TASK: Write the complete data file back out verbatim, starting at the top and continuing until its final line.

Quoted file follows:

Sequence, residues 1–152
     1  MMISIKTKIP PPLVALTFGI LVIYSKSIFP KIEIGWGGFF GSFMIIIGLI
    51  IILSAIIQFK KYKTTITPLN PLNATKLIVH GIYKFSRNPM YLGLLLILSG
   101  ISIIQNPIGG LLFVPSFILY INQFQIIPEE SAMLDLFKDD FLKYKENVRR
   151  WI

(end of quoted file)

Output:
Sequence, residues 1–152
     1  MMISIKTKIP PPLVALTFGI LVIYSKSIFP KIEIGWGGFF GSFMIIIGLI
    51  IILSAIIQFK KYKTTITPLN PLNATKLIVH GIYKFSRNPM YLGLLLILSG
   101  ISIIQNPIGG LLFVPSFILY INQFQIIPEE SAMLDLFKDD FLKYKENVRR
   151  WI